Estimating the burden of α-thalassaemia in Thailand using a comprehensive prevalence database for Southeast Asia

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Title: Estimating the burden of α-thalassaemia in Thailand using a comprehensive prevalence database for Southeast Asia
Authors: Hockham, C
Gupta, S
Penman, B
Bhatt, S
Piel, F
Item Type: Journal Article
Abstract: Severe forms of α-thalassaemia, haemoglobin H disease and haemoglobin Bart’s hydrops fetalis, are an important public health concern in Southeast Asia. Yet information on the prevalence, genetic diversity and health burden of α-thalassaemia in the region remains limited. We compiled a geodatabase of α-thalassaemia prevalence and genetic diversity surveys and, using geostatistical modelling methods, generated the first continuous maps of α-thalassaemia mutations in Thailand and sub-national estimates of the number of newborns with severe forms in 2020. We also summarised the current evidence-base for α-thalassaemia prevalence and diversity for the region. We estimate that 3595 (95% credible interval 1,717–6,199) newborns will be born with severe α-thalassaemia in Thailand in 2020, which is considerably higher than previous estimates. Accurate, fine-scale epidemiological data are necessary to guide sustainable national and regional health policies for α-thalassaemia management. Our maps and newborn estimates are an important first step towards this aim.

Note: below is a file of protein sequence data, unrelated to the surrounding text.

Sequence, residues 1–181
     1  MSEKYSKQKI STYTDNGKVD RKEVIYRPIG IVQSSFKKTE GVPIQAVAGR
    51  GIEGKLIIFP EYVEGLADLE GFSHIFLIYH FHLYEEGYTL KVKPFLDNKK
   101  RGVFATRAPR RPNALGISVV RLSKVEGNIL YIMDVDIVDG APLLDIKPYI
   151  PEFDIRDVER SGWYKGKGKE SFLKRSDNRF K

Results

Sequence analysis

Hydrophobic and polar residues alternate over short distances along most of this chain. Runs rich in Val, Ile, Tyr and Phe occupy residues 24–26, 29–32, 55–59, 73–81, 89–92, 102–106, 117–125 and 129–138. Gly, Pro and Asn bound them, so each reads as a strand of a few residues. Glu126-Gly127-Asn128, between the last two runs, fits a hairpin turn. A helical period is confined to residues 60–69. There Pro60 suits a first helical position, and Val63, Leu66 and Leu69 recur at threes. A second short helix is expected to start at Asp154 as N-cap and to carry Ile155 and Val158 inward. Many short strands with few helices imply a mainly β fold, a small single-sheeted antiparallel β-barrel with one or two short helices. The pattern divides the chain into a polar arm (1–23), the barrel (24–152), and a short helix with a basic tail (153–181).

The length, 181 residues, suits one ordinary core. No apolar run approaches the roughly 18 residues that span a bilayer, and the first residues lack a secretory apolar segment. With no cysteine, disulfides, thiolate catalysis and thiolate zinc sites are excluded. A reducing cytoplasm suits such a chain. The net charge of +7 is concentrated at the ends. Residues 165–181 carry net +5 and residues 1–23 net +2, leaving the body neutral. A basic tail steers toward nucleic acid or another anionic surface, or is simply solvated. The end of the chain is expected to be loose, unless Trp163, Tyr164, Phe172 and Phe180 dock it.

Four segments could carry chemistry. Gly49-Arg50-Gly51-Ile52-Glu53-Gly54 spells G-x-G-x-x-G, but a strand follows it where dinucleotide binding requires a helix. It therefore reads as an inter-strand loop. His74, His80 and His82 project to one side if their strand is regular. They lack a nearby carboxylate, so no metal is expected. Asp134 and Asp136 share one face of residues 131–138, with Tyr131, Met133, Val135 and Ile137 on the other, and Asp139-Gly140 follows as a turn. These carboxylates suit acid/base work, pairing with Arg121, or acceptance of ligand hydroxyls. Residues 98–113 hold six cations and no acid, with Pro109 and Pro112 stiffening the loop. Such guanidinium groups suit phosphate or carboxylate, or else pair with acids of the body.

Issue Date: 23-May-2019
Date of Acceptance: 1-May-2019
ISSN: 2050-084X
Publisher: eLife Sciences Publications Ltd
Journal / Book Title: eLife
Volume: 8
Copyright Statement: © 2019, Hockham et al. This article is distributed under the terms of the Creative Commons Attribution License, which permits unrestricted use and redistribution provided that the original author and source are credited.
Keywords: Science & Technology
Life Sciences & Biomedicine
Life Sciences & Biomedicine - Other Topics
genetic diversity
global health
newborn prevalence
spatial distribution
Publication Status: Published
Article Number: e40580
Appears in Collections:Faculty of Medicine
Epidemiology, Public Health and Primary Care

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